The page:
A 64-year-old man with a past medical history of liver transplantation on chronic immunosuppressive therapy presented with gradual worsening of vision over 2 months in his right eye. His recent history of Aspergillus and Nocardia pneumonia with positive bronchoalveolar lavage, in concert with vitritis and subretinal abscess, were concerning for endogenous endophthalmitis. A sputum culture and transbronchial lung biopsy stains grew Nocardia farcinica although aqueous humor sampling was negative. He was treated with four serial amikacin intravitreal injections over the course of 4 weeks. Pars plana vitrectomy for worsening macular traction and subsequent cataract surgery resulted in significant clinical and anatomic improvement of vision to 20/60 and consolidation of the subretinal abscess.
Nocardia is a gram-positive, saprophytic, aerobic bacterium that is an opportunistic infection in immunocompromised patients . It is most commonly seen in the lungs, brain, and soft tissues, and rarely seen as an intraocular infection . Ocular infection often has extremely poor outcomes, often due to a low index of suspicion causing delays in diagnosis . Because Nocardia is a rare ophthalmic infection, there is sparse literature describing cases of Nocardia endophthalmitis. Previous studies have shown a high sensitivity of Nocardia to amikacin, which interferes with protein synthesis . One study found that amikacin can be the drug of choice for intravitreal injections due to its favorable susceptibility pattern . Here, we present a case of Nocardia endophthalmitis that was treated with serial amikacin injections and pars plana vitrectomy.
A 64-year-old man presented with gradual painless decrease of vision and floaters in the right eye for 6 weeks. His history was notable for hepatocellular carcinoma requiring orthotopic liver transplant 2 years prior, and he remained on chronic immunosuppressive therapy including mycophenolate mofetil, tacrolimus, and prednisone. He was hospitalized 3 months prior to presentation for cavitary pneumonia, with bronchoalveolar lavage (BAL) cultures growing Nocardia farcinica and Aspergillus fumigatus. He was treated with voriconazole and trimethoprim-sulfamethoxazole (Bactrim), which was later switched to ciprofloxacin due to renal toxicity.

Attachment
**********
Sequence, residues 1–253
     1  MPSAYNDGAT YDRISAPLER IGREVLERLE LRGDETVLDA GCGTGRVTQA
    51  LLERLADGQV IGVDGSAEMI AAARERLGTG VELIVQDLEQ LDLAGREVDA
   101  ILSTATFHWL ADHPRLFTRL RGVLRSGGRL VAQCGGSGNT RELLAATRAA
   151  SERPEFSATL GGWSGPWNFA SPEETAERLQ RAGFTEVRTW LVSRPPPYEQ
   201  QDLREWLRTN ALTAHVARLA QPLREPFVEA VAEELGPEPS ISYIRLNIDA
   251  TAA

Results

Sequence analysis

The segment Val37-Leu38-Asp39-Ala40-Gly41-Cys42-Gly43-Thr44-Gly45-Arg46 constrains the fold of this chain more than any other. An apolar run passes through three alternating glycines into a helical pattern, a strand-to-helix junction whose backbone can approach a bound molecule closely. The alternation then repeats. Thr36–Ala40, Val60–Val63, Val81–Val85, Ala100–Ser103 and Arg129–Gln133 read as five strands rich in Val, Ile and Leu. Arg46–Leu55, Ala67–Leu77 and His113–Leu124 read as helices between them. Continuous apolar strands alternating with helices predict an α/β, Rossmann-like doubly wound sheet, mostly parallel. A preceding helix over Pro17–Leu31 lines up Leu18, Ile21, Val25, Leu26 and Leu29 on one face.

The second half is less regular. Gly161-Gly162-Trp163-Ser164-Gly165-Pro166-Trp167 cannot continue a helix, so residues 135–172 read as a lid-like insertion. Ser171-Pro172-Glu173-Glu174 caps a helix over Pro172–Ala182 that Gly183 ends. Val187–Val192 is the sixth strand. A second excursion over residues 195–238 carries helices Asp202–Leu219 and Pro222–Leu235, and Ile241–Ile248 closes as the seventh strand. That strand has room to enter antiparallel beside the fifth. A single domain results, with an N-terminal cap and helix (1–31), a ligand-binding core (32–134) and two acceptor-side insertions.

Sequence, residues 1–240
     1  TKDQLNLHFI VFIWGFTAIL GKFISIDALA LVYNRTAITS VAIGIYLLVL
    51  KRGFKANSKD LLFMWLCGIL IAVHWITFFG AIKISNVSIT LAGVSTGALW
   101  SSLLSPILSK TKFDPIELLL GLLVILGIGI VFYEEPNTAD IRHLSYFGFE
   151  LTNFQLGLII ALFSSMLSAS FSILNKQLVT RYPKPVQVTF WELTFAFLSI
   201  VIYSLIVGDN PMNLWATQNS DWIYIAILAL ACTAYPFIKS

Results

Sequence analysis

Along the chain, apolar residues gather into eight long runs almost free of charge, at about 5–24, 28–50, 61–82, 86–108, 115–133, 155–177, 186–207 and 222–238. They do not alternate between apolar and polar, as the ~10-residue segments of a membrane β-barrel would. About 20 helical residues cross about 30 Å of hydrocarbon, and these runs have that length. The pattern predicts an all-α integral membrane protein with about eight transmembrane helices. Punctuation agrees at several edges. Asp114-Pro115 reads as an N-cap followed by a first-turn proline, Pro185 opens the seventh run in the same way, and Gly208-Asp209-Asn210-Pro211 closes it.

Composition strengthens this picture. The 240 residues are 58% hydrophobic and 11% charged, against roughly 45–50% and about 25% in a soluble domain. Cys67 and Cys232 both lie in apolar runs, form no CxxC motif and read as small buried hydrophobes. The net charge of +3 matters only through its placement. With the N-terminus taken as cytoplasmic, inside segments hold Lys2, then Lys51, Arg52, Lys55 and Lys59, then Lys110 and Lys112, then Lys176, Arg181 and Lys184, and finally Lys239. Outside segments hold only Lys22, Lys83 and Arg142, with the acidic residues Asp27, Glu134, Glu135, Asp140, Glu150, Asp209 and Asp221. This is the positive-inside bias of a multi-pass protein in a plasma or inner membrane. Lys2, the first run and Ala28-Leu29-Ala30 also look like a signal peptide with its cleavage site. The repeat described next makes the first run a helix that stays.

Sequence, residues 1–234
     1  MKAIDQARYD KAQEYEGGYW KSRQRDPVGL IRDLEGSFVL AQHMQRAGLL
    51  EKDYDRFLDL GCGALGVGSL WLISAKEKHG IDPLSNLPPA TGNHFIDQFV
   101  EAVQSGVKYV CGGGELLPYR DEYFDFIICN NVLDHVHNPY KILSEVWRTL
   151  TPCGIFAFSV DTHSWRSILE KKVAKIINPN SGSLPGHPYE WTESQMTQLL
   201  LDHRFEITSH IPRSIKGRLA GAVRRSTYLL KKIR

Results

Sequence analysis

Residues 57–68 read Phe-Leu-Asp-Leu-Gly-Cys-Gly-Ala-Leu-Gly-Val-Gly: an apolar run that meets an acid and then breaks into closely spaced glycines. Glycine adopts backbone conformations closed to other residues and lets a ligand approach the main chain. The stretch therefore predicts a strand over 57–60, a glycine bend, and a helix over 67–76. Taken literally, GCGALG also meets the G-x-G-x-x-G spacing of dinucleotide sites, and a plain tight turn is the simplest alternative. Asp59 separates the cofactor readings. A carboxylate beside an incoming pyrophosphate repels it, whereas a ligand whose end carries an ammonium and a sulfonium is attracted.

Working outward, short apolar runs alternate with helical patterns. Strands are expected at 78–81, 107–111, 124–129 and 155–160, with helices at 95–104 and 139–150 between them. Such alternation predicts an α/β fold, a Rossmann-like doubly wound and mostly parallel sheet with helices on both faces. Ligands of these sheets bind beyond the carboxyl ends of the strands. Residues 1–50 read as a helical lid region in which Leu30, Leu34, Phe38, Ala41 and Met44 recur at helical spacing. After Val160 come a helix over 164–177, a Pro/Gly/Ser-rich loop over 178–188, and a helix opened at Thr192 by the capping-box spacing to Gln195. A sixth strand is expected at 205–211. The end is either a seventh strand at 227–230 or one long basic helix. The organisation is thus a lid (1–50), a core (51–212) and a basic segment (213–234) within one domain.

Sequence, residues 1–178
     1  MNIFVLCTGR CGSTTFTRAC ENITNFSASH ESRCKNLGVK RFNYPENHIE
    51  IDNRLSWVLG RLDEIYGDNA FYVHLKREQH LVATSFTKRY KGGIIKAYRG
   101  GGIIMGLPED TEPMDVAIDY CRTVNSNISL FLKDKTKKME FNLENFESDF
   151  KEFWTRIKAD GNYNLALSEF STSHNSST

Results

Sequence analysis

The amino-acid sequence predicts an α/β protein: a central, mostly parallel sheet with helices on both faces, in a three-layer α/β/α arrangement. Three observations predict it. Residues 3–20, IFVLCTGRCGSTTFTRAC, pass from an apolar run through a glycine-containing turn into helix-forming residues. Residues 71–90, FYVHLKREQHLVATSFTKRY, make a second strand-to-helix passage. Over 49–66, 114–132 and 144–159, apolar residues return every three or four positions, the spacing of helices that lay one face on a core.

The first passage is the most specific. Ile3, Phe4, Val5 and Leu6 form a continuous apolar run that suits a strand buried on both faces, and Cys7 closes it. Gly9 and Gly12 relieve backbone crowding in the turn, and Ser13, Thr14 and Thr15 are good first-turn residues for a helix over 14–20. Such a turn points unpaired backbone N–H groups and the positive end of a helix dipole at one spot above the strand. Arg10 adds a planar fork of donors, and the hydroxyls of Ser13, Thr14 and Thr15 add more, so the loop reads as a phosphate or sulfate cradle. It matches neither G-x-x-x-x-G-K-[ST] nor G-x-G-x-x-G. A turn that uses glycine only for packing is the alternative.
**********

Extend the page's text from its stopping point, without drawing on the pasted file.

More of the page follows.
The patient appeared well-nourished and in no acute distress. Ophthalmic examination showed a visual acuity (VA) of 20/300 in the right eye and 20/25 in the left eye. Anterior segment exam OD revealed 3+ anterior chamber cell and 3+ vitreous cell and haze. Fundus examination of the right eye showed a yellow-white subretinal mass nasal to the optic nerve and extending to the mid-periphery (Fig. 1).
The differential diagnosis included infectious and autoimmune etiologies, as well as post-transplant, Epstein Barr virus (EBV)-associated lymphoproliferative disorder. The patient underwent a vitreous tap, which was unsuccessful at obtaining a vitreous specimen, followed by aspiration of anterior chamber (AC) fluid. Cultures of AC fluid grew no organisms and no PMNs. He was given an intravitreal injection of voriconazole and vancomycin. Intravitreal ceftazidime was held because the strain was resistant to cephalosporins. Amikacin was initially held for potential aminoglycoside toxicity. The patient was started on topical corticosteroids and cycloplegic eye drops.
The initial BAL tissue specimen and sputum culture later grew Nocardia farcinia that was susceptible to Bactrim, ciprofloxacin, linezolid, and amikacin. Due to issues with receiving Bactrim, the patient was given oral voriconazole and levofloxacin, as well as the first dose of intravitreal amikacin.
At follow-up, B-scan showed new nasal retinal traction in the right eye (Fig. 2). Given persistent vitritis and active-appearing subretinal lesion, intravitreal amikacin was given again. Over 4 weeks, four doses of 0.2 mg of intravitreal amikacin were administered into the vitreous overlying the abscess. Three months after initial presentation, the patient underwent pars plana vitrectomy and membrane peel. Because the abscess appeared inactive, retinotomy and debridement were deferred, and the dense overlying membrane was removed. Vitreous fluid aspirate from the surgery was negative for bacterial and fungal organisms. At post-operative week two, the patient showed improvement of vision to 20/60 and a decrease in the size of the subretinal abscess (Fig. 3). Cataract extraction with intraocular lens (IOL) was performed 7 months later with VA of 20/60 at post-op day zero. The patient had a VA of 20/100 at final follow-up, almost a year from initial presentation.